Excavating the Past and Engaging the Present at James Madison’s Montpelier
Who gets to tell the story of our founders? Who decides which stories matter in American history? What role do museums and historic sites play in telling those stories? These questions run through current political and cultural commentary. At James Madison’s Montpelier, the staff and community wrestle with those questions daily. Working with the Montpelier Descendants Community, which represents the descendants of those enslaved by the Madisons, and with other thought leaders across the country, James Madison’s Montpelier has developed new strategies for telling a more inclusive history of where we’ve been as a nation, and what that tells us about where we might be going.
Elizabeth Chew, PhD, will share her insights and experiences leading Montpelier through this path. Join us for a lively and timely conversation about how our past shapes our present.
Elizabeth Chew, PhD is the Interim President and Chief Executive Officer of The Montpelier Foundation, which operates James Madison’s historic plantation in Virginia.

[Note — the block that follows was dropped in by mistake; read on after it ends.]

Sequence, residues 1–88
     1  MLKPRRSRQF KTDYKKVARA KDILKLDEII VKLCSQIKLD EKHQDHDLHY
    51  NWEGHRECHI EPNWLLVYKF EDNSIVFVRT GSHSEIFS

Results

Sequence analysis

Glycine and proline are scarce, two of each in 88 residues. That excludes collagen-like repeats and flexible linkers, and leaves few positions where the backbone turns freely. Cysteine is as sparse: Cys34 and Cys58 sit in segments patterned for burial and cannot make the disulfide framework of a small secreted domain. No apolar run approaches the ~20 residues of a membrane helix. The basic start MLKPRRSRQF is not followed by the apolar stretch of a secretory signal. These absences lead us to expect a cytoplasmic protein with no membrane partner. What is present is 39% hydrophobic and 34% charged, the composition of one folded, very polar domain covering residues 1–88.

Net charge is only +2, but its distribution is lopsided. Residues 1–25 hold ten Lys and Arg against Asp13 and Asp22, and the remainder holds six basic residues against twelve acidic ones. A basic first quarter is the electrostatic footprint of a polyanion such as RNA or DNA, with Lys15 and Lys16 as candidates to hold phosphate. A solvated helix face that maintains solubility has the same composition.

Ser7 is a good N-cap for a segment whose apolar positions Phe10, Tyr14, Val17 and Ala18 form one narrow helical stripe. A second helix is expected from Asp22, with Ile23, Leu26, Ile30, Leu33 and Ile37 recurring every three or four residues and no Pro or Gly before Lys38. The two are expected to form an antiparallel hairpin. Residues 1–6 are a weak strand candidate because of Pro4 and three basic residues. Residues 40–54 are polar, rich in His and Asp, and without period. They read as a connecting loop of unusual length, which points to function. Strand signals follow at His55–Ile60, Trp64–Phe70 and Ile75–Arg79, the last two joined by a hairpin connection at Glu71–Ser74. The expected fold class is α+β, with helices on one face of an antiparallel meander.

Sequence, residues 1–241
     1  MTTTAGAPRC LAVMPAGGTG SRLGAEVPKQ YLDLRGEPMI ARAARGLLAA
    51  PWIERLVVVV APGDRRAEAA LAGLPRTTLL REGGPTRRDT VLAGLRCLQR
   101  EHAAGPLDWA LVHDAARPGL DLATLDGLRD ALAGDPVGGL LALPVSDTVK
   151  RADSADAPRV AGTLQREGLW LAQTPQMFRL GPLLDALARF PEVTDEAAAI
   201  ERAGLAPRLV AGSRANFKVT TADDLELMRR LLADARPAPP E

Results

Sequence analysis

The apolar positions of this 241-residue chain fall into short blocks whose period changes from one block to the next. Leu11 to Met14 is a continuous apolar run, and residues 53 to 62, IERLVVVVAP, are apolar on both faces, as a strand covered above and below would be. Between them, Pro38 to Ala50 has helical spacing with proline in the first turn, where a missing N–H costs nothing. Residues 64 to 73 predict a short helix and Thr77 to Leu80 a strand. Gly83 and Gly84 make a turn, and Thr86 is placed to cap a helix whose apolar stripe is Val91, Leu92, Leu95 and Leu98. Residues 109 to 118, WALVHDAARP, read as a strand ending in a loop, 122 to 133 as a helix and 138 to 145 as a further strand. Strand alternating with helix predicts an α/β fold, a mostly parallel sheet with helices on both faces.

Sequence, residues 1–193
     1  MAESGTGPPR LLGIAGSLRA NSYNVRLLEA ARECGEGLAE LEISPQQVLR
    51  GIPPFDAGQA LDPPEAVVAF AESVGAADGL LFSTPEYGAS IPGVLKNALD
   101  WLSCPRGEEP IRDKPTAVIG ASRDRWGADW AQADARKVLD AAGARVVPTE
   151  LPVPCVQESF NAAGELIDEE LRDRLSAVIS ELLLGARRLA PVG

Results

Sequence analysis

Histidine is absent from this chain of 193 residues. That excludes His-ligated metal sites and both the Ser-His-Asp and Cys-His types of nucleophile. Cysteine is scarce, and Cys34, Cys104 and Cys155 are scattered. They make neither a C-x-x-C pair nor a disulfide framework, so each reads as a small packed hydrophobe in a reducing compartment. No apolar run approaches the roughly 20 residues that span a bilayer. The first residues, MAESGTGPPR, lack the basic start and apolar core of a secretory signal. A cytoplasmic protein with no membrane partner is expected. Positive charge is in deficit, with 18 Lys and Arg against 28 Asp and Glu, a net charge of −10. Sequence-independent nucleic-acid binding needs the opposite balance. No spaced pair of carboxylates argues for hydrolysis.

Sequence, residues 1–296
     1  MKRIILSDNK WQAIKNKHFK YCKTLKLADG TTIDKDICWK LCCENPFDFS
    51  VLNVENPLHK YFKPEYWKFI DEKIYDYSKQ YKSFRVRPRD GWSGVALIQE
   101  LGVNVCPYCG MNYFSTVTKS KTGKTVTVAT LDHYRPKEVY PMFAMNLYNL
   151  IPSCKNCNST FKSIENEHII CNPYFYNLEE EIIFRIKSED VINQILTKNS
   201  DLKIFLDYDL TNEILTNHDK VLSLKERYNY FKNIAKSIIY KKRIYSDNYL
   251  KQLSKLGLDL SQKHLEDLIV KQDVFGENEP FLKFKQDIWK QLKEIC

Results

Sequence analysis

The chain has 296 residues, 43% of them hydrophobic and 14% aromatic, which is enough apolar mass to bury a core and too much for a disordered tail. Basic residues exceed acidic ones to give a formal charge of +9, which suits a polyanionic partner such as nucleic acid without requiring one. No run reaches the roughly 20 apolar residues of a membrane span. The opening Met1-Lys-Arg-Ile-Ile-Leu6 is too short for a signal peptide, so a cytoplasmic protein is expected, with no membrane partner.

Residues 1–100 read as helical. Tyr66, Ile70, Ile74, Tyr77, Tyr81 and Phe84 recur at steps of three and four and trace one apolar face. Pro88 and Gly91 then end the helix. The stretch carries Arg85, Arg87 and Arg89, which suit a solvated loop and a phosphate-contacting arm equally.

She was formerly Montpelier’s Executive Vice President and Chief Curator, in which role she oversaw the Curatorial, Education, Archaeology, Preservation, and Research departments and the Robert H. Smith Center for the Constitution. An art historian, she holds a BA from Yale, an MA from the University of London, and a PhD from the University of North Carolina at Chapel Hill. She has worked at museums and historic sites since 1985. At Montpelier she has overseen the completion of the furnishing of the Madison house, the excavation and reconstruction of six slave dwellings and work buildings, and the creation of the exhibition The Mere Distinction of Colour, winner of six national awards. She has taught art history at the University of North Carolina, University of Virginia, James Madison University, Wake Forest University, and Davidson College and published and lectured widely on ways that art and architectural patronage relate to gender, race, and family politics.